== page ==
yes...like extrusion only pulled rather than pushed
makes (in our case) structural elements of FRP
I need to measure the wall thickness of a RHS without contact...on all sides
Or at least without gel between the transducer and material
And while I am here;
Pull speed is measured by 2 encoders, 1 on each puller (they look like
Dynapar cubes of some sort), through a Red Lion ADC to a Koyo PLC.
Its all over the place and longer averaging time does not help...might
it be affected by noise?
As far as I can see the signal lines run with 110V control lines
So you have an analog signal (the wheel position) which you convert to
digital (via the encoder) then you convert it to analog (via the Red
Lion DAC) then it goes into a PLC where it is converted to digital so
the PLC can use it?
God I hate excess conversions.
Are you sure the reason that the reading is all over the place isn't
that the actual speed is all over the place? The fact that longer
averaging doesn't help indicates that the noise (or actual speed
variation) is of lower frequency than the cutoff of the filter -- I
can't say what that means in your context but perhaps it suggests something.
The measurement system seems to be ad-hoc idea piled on ad-hoc idea,
turtles all the way down. To answer the question put, if the shape comes
through a die with a core, the core can be extended and used as one
plate of a capacitor. Provided the material's dielectric constant is
really constant, a good measurement can be had that way.
Thickness can vary not only because of changing pull speed, but because
of temperature variation in the feed stock. Drawing is much more
sensitive to that than extrusion. (Extrusion forces the material against
the die, but drawing pull the material away.)
Engineering is the art of making what you want from things you can get.
Yes, it may have been done to make programming a bit easier
And the PLC is full, the designer left no room for expanding / modifying
Yes...it may vary a small amount but not as much as indicated (+-
anywhere up to 100mm/min every update) The speed control valving is of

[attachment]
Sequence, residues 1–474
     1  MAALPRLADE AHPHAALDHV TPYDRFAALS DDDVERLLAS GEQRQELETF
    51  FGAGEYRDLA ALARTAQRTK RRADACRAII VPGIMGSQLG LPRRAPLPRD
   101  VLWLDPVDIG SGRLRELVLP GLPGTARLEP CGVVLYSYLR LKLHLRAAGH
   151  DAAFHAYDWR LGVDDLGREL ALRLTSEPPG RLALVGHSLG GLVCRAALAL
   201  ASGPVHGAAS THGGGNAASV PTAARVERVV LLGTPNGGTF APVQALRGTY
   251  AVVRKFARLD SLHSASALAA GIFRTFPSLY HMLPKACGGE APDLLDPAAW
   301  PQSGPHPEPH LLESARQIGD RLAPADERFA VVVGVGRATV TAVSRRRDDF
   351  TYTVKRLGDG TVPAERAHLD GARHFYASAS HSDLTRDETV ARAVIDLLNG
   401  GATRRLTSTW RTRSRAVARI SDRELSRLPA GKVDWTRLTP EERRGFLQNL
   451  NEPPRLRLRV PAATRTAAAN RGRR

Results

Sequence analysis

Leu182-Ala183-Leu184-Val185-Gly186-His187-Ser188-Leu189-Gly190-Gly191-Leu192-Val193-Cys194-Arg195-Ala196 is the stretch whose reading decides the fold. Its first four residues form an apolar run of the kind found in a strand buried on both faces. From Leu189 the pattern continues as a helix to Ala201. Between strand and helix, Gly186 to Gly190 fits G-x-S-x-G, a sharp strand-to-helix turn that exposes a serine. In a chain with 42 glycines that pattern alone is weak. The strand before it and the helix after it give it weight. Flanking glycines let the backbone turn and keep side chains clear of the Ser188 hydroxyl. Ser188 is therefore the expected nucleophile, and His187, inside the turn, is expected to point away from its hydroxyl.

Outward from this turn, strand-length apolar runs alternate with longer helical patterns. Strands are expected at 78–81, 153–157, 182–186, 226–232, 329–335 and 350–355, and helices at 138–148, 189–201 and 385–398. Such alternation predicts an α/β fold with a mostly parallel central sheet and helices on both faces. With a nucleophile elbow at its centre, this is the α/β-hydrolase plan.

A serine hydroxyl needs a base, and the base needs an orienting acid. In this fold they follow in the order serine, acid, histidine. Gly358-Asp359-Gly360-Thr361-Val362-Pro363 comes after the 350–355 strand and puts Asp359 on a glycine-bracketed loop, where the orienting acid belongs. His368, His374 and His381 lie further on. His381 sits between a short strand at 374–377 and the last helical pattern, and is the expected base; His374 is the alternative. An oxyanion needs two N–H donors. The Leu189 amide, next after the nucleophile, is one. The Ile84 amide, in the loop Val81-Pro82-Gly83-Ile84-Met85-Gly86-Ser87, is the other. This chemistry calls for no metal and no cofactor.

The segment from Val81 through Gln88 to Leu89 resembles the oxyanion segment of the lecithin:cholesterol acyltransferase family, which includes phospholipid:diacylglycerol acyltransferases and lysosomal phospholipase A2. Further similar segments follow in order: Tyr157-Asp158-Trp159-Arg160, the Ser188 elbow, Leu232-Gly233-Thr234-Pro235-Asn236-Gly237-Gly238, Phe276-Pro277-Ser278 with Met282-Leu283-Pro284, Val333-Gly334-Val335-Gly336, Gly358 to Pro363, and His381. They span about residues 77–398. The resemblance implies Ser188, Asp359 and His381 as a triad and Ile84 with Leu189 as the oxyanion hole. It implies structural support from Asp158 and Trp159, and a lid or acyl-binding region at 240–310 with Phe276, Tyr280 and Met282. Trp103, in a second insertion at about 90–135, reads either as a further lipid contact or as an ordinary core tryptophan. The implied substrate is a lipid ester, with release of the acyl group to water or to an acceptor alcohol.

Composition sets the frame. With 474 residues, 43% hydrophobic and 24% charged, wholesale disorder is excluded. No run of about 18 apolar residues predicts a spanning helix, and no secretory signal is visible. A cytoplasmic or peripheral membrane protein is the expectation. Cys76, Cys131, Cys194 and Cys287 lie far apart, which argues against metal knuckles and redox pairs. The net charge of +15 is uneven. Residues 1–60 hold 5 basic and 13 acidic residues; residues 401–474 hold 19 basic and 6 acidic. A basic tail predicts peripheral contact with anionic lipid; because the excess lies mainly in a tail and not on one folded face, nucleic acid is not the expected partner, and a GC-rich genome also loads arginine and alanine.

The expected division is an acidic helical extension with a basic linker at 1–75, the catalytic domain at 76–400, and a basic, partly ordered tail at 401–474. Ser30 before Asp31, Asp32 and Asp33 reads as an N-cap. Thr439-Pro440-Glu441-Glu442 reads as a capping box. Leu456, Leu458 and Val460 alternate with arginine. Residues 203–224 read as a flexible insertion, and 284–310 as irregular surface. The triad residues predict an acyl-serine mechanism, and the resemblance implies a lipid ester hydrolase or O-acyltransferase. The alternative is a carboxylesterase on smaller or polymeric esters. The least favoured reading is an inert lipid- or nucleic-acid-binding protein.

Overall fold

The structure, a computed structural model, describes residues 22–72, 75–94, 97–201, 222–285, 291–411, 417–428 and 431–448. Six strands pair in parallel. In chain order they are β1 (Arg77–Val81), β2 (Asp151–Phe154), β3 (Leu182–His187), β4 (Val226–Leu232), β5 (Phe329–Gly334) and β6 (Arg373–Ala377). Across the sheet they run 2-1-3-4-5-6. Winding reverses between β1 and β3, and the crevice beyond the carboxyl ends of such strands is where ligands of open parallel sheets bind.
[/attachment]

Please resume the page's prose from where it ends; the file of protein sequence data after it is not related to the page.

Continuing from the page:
good quality and independant to PLC...originally it was controlled by
the PLC and the pull was jerky and unusable so was replaced with an
independant unit...probably jerky due to unstable speed information!
Hmmm, goes to investigate noise and filters
Ultrasonics is a good way to go, but expensive to set up the appropriate
hardware. For truly non-contact measurements, I'm thinking Laser
Generated Ultrasound would be your best bet (I should admit that this is
my field of study so i might be a little biased). You could use a Nd:YAG
or similar laser to generate the ultrasound and an interferometer to
pick it up. Unfortunately, if the thickness is small (roughly less than
a quarter of an inch) the types of waves generated will be very complex
(they are called Lamb waves). This makes the signal processing very
Is this meant to be an on-line application or post manufacturing
measurement? Doing the meaurement in a manufacturing environment leads
to noise issues.
I suggest you do some research on Google or similar to find past methods
for measuring wall thickness in fiberglass laminates.
Also, check out http://www.ndt-ed.org/index_flash.htm for background
info on nondestructive measurement techniques.
Hope this helps,
A Beta gauge
The preceding message represents personal opinions
and/or advice that may prove incorrect or harmful. But then maybe not.
Feel free to disregard.
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There are certainly ultrasonic thickness testers around, but for an
'outside-the-box' idea, have a look at Ultrasonic Level Transmitters.
If you pick a high-frequency short-range one and install it above the web
looking down, some (eg. IIRC www.hawklevel.com) can output the difference
between two boundaries in air and may, with a bit of tweaking, be able to
read continous thickness of the sheet.
Make sure you get the rep to demonstrate whether or not he can do it before
If you have access to both sides of the material you could consider a
surface distance measurement (either laser or ultrasonic) from each
side and calculating the difference. This could be potentially less
problematic than attempting to measure "through" the material though
you now have two sensors to maintain and accuracy could be an issue if
you are dealing with a very thin material.
This can be made with ultrasound, but - as far as I know - nobody offers
ready made solution.
Normal ultrasonic measurements (they are standard for example for pipes
made with extrusion method) are using water as contact medium.
Measurement in the air (contactless) can be made too, but requires a
relatively expensive development.
Because we have developed some ideas for this kind of measurement (based
on our experience with water based measurements), I have even tried to
convince some companies to finance such development, but without succes.
It is also possible to make such measurement using x-rays, based on
tomografic principle, but this can be even more complicated.
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